Contrasting effects of alveolar macrophages and neutrophils on asbestos- induced pulmonary epithelial cell injury

D. W. Kamp*, M. M. Dunn, J. S. Sbalchiero, A. M. Knap, S. A. Weitzman

*Corresponding author for this work

Research output: Contribution to journalArticlepeer-review

28 Scopus citations


Pulmonary toxicity from asbestos may be due in part to oxidant-mediated mechanisms. The purpose of this study was to determine whether alveolar macrophages (AM) contribute to asbestos-induced alveolar epithelial cell injury by oxidant-dependent mechanisms similar to that previously described for polymorphonuclear leukocytes (PMN). We assessed 51Cr release from cultured rat alveolar epithelial cells (RAEC) and transformed human pulmonary epithelial-like cell lines (rat L2 and human WI-26: HPEC). Amosite asbestos caused dose-dependent injury to both RAEC and L2 cells after an 18-h incubation period. Rat PMN increased asbestos-induced injury to RAEC (11 vs. 20% 51Cr release). In contrast, rat AM diminished asbestos-induced injury to RAEC and L2 cells by 60-80%. Human monocytes cultured for 72 h also attenuated asbestos-induced HPEC damage. Asbestos stimulated more H2O2 release from PMN than from AM isolated from the same rats (5.3 ± 0.6 vs. 0.3 ± 0.1 nmol · 106 cells-1 · 2 h-1). The protective effect of rat AM, as opposed to PMN, was not due to differences in asbestos-induced toxicity to each cell type, since > 90% of AM and PMN were nonviable after 18 h. Transmission electron microscopy demonstrated comparable uptake of asbestos by AM and PMN after a 2-h incubation period. However, after an 18-h exposure period, the PMN were completely lysed, whereas over 90% of the AM contained fibers, despite morphologic evidence of cytotoxicity. These results demonstrate that AM, unlike PMN, can reduce alveolar epithelial cell injury in this model. The contrasting effects observed between AM and PMN can be explained in part by differences in asbestos-induced phagocyte H2O2 release and asbestos uptake. In conclusion, AM and PMN have distinct effects in modulating asbestos-induced alveolar epithelial cell injury. These effects may account for the relationship between increased numbers of PMN, but not AM, and abnormal gas exchange in asbestos workers.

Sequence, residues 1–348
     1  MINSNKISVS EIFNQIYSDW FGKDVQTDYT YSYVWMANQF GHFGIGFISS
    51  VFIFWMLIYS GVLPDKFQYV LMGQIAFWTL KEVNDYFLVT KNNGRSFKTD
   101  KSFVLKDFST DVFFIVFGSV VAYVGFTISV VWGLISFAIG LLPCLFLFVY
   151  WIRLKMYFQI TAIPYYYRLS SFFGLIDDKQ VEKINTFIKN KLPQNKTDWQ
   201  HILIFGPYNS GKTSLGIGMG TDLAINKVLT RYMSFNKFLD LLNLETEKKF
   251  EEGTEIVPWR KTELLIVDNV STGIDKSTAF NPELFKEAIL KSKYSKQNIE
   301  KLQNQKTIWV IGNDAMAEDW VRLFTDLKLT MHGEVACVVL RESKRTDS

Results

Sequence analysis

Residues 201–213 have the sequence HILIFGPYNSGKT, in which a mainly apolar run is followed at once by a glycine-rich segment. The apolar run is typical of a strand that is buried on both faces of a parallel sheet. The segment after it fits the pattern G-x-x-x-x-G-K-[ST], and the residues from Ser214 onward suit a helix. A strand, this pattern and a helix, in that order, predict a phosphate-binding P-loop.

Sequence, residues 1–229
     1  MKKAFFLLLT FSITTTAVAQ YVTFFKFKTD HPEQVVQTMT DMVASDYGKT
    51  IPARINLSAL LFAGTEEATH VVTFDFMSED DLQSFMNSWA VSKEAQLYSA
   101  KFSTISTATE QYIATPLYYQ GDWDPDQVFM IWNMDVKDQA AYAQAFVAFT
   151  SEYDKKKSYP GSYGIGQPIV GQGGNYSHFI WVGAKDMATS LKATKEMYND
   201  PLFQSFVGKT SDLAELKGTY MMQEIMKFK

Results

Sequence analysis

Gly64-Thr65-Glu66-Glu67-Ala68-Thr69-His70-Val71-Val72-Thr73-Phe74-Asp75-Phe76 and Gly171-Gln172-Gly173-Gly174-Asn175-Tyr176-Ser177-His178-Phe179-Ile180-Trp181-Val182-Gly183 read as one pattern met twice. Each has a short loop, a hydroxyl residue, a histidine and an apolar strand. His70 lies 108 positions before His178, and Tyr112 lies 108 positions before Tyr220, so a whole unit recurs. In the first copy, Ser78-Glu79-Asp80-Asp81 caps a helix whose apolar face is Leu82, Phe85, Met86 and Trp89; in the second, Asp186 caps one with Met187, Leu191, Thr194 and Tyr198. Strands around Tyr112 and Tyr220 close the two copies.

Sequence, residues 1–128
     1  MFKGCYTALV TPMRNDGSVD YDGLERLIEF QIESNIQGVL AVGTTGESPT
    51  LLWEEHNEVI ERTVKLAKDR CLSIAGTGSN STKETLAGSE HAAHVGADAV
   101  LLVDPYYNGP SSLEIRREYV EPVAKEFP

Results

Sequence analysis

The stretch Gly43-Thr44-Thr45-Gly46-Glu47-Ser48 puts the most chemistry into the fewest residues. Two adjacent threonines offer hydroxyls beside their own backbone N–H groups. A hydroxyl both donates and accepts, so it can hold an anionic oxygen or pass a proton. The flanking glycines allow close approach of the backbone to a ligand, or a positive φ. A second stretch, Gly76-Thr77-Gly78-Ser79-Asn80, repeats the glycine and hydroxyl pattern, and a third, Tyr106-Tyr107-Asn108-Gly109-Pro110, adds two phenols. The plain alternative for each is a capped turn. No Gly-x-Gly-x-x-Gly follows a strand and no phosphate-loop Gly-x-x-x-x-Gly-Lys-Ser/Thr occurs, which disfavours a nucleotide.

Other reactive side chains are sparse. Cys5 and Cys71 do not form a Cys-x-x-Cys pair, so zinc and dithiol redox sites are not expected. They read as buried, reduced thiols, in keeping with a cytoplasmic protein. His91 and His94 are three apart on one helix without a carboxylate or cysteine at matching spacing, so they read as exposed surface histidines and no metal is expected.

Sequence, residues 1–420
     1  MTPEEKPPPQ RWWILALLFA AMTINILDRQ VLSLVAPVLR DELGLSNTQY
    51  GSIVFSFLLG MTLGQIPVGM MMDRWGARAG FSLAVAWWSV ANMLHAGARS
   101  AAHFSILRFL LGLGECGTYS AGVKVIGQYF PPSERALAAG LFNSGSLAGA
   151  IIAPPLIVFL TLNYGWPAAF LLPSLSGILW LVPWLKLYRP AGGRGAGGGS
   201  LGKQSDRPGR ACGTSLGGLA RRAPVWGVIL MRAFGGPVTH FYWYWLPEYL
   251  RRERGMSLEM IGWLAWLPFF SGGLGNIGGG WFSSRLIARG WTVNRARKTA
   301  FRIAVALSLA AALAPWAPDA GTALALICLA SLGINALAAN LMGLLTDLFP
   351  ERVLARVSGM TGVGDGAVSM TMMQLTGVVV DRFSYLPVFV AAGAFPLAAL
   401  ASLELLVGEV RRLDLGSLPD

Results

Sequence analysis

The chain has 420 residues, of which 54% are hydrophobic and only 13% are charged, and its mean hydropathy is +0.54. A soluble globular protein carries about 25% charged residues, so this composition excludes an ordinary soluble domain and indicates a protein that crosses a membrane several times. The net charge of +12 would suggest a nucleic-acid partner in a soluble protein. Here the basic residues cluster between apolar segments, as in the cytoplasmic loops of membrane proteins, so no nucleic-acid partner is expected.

Original languageEnglish (US)
Pages (from-to)L84-L91
JournalAmerican Journal of Physiology - Lung Cellular and Molecular Physiology
Issue number1 10-1
StatePublished - Jan 1 1994


  • phagocytes
  • pneumoconiosis
  • pulmonary fibrosis
  • reactive oxygen species

ASJC Scopus subject areas

  • Physiology
  • Pulmonary and Respiratory Medicine
  • Physiology (medical)
  • Cell Biology


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